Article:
The city actually sits on top of a large oil deposit, so oil derricks can be seen around the capital’s landscaping.

The city was founded during the famous Oklahoma settler rush in 1889, and within hours it grew to 10,000 residents.

Due to it’s location in Tornado Alley, Oklahoma City has also been hit by 13 tornadoes, 11 of which were EF4s or higher.

3) Indianapolis (12 characters long)

Indianapolis comes to us in third place with 12 characters. Situated in the middle of the state, the city supports a population of nearly 1,000,000 people, making it into the top 15 most populated cities in the country.

It’s best known for the world’s largest single-day sporting event, the Indianapolis 500. It’s also host to one of the biggest board gaming conventions known as GenCon. Of the capitals we’ve looked at so far, it’s also home to the most professional sports teams with the NFL team the Colts, and the NBA team the Pacers.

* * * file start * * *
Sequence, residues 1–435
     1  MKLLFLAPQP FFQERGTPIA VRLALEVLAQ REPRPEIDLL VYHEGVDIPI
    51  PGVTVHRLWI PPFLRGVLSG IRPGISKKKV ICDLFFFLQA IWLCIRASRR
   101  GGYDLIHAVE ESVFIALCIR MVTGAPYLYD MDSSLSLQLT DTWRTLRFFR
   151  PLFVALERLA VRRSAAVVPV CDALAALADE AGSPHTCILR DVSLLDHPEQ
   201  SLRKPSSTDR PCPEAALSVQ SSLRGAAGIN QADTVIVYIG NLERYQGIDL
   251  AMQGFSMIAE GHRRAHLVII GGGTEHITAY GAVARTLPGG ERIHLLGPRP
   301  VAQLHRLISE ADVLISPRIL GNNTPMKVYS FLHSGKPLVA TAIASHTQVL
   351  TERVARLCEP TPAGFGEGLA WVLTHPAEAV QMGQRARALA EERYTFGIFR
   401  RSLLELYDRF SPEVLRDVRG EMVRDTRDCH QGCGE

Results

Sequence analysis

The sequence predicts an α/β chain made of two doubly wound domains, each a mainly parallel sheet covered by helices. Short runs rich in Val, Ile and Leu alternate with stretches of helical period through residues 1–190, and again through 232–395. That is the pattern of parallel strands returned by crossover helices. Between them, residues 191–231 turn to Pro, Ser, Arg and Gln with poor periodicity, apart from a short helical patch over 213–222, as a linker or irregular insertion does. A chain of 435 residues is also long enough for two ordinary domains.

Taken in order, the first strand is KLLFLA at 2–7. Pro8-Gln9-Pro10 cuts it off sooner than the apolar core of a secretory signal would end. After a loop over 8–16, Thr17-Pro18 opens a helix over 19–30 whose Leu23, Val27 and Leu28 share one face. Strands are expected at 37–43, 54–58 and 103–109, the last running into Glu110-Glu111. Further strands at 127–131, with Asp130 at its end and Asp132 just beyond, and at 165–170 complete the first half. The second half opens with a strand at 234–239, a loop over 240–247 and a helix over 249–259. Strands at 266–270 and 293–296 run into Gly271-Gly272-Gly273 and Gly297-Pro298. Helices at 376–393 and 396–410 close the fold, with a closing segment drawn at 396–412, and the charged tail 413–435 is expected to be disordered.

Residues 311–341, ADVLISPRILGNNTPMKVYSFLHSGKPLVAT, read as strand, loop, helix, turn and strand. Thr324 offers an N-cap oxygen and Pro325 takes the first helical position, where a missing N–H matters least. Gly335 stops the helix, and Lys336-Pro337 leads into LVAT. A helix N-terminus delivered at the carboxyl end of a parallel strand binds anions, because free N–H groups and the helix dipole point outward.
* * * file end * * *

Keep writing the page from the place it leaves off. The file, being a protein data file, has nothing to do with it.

4) Little Rock, Tallahassee, Springfield, Baton Rouge and Carson City (11 characters long)

Rounding out the longest names for capitals we have a five way tie for fourth place with 11 characters. That’s shared by Little Rock, Arkansas, Tallahassee, Florida, Springfield, Illinois, Baton Rouge, Louisiana, and Carson City, Nevada.

U.S. Capital Cities with the Shortest Names

Moving on to the capitals with the fewest characters, there’s actually a three-way tie for first place between Dover, Delaware, Boise, Idaho, and Salem, Oregon.

Dover (5 characters)

One of the oldest cities we’ve looked at so far, Dover was founded by William Penn as the court town for Kent County back in 1683. It was actually not the first capital of the state, the capital originally being New Castle.

The capital was moved to Dover due to its centralized location within the state in 1777, and it provided a safe haven from British raids on the Delaware River.

Delaware became the first state to ratify the U.S. Constitution, so Dover was the site of the first ratification of the U.S. Constitution.

The name derives from the region in England famous for it’s white cliffs.

Compared to the other capitals we’ve looked at, Dover comes in last with the fewest residents: a tiny 39,000.

Boise (5 characters)

Boise, Idaho is the most populated city within Idaho with a population around 235,000 people, and it sits nestled in the mountains at about 2,700 feet above sea level.